.comment-link {margin-left:.6em;}

Mutualist Blog: Free Market Anti-Capitalism

To dissolve, submerge, and cause to disappear the political or governmental system in the economic system by reducing, simplifying, decentralizing and suppressing, one after another, all the wheels of this great machine, which is called the Government or the State. --Proudhon, General Idea of the Revolution

My Photo
Name:
Location: Northwest Arkansas, United States

Thursday, June 15, 2006

Community-Supported Manufacturing

From Bill Grennon, via email. A discussion of "community-supported manufacturing" at the Post-Carbon Institute.

The concept of Community Supported Manufacturing, means taking back the means of production in a socially and environmentally responsible way. It means we must return to a reliance on local production systems as the primary source of our basic goods. It means we have to resurrect the traditional production and distribution knowledge that has been eroded by our dependence and support of global corporations. It means that communities must work together to overhaul their infrastructure in order to support community based manufacturing.

CSM is an extension of the Community Supported Agriculture (CSA) model, where local production is basically extended from the farm to the workshop. These production systems will likely have multilayered ownership, where municipalities, co-operatives, family businesses and local firms mutually support each other. The primary focus of CSM is to Relocalize production and manufacturing, in order to reduce the environmental damage and the cultural erosion that has occured from our reliance on a cheap energy source, that may soon be unavailable.

As I commented at their site, my main reservations concern the role they envision for local government in owning enterprises and overhauling infrastructure. The best way to reverse economic centralization is not through new government intervention, but to eliminate the forms of current intervention that subsidize the consumption of transportation and energy, and subsidize the concentration of capital. That means running highways and airports entirely on a user-fee basis; eliminating the corporate depreciation allowance, R&D credit, and interest deduction in a revenue-neutral way; and radically scaling back or eliminating the patent system. Locally, it means an end to cutting special deals with big business, like expanding utility and road infrastructure at subsidized rates in return for their locating facilities there.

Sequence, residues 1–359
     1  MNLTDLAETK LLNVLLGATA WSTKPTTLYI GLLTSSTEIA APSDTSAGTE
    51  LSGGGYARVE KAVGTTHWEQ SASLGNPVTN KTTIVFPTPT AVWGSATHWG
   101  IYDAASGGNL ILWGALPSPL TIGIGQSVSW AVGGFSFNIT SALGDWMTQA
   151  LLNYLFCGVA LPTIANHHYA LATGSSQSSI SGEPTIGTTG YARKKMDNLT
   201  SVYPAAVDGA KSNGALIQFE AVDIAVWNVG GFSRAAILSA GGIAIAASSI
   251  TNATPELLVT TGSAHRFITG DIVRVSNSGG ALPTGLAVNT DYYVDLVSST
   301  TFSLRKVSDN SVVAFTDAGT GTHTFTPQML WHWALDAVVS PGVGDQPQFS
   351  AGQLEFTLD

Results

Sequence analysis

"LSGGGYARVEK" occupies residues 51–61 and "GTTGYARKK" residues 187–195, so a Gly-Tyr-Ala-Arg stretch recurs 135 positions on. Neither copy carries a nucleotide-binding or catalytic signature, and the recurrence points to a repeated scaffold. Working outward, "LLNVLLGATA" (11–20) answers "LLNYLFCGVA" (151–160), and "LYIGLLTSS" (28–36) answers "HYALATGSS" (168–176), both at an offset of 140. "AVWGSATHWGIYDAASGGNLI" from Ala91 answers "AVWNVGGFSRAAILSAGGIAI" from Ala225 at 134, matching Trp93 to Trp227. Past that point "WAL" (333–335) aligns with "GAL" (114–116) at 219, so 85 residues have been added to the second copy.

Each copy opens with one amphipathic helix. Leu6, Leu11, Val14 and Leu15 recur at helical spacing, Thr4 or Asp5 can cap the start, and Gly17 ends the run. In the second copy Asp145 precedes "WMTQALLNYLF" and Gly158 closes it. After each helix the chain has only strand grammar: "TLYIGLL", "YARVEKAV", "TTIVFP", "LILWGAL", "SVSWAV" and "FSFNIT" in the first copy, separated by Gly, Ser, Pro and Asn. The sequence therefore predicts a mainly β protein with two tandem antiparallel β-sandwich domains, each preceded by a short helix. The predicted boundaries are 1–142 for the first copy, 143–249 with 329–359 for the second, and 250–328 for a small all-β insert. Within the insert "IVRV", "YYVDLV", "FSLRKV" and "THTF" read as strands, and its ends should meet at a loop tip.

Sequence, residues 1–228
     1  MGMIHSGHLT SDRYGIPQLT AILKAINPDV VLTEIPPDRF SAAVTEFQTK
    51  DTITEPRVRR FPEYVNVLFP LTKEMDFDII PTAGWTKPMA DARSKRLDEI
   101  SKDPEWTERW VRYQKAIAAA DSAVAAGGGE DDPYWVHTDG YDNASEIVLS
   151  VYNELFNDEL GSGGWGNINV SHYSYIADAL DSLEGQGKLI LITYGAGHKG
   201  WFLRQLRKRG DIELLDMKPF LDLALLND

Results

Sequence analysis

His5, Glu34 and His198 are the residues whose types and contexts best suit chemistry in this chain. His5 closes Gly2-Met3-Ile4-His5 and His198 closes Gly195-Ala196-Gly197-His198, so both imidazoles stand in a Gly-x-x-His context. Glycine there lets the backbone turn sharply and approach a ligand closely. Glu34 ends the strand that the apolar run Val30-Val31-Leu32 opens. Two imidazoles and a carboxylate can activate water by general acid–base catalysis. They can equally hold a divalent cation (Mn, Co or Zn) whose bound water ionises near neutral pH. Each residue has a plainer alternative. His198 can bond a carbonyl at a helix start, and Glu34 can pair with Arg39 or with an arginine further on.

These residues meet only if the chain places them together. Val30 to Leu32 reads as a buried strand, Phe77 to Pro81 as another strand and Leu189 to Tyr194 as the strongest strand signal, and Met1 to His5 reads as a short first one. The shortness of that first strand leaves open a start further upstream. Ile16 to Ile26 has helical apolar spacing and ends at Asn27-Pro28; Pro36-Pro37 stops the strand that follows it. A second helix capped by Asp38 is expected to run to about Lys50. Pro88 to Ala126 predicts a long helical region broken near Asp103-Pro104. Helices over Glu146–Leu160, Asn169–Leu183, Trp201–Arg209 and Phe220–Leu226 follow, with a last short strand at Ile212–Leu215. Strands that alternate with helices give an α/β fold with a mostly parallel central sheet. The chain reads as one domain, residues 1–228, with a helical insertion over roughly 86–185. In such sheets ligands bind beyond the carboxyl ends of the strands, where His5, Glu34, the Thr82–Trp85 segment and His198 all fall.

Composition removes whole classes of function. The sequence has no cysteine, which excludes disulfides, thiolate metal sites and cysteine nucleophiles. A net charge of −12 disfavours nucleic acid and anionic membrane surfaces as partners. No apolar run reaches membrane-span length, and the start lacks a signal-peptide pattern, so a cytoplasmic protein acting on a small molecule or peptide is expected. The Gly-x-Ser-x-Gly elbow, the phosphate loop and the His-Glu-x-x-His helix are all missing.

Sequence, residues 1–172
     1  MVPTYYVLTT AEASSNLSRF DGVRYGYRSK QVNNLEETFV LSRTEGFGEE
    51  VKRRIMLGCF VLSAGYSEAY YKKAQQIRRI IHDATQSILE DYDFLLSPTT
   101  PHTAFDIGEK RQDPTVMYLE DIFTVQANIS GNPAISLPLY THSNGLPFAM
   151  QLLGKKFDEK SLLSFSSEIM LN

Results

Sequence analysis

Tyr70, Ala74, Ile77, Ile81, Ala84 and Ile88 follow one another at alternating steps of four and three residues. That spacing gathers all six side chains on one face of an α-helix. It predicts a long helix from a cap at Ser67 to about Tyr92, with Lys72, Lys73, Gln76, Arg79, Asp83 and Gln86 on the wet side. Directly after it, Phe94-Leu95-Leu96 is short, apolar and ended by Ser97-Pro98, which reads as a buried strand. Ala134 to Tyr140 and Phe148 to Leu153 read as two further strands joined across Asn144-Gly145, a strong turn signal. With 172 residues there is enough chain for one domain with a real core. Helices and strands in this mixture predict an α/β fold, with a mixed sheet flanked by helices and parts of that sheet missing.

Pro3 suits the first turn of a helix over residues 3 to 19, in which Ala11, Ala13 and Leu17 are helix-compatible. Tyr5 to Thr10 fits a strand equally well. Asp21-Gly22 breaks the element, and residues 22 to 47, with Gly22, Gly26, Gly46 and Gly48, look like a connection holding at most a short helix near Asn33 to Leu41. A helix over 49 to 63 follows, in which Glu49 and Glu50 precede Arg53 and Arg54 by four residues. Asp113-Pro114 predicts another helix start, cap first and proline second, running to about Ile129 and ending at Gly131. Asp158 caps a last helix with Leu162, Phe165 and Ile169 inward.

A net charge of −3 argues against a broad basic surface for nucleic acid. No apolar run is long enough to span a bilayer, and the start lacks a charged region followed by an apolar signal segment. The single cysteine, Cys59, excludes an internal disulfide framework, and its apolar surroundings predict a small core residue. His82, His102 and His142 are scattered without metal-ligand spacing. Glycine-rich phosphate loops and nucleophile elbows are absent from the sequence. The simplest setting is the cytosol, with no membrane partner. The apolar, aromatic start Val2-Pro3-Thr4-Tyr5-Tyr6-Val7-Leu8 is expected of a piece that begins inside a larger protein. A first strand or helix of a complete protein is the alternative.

The seeds of a decentralized local economy already exist. All that's necessary is to let them grow without interference. The main function of political engagement is to eliminate the existing structural supports of state capitalism, so that the alternative economy itself can get to work digging the grave of the old system.

3 Comments:

Anonymous Wild Pegasus said...

Overhauling infrastructure means drastic tax increases in order to drastically raise prices and reduce consumer choices.

Good luck with all that. *laugh*

- Josh

June 15, 2006 4:43 PM  
Blogger Jeremy said...

So strategically speaking, how do we go about realizing this? I'm not so much interested in feasability (obviously this is at least a long term thing) but how do we work towards making it more and more possible? How do we act so that we're continually moving toward that goal at whatever pace society can handle?

June 16, 2006 8:40 AM  
Blogger Jeremy said...

I'm trying to make a distinction between dismissing this for not being realistic and dismissing this for not being promotable. How do we best promote this?

June 16, 2006 8:41 AM  

Post a Comment

Links to this post:

Create a Link

<< Home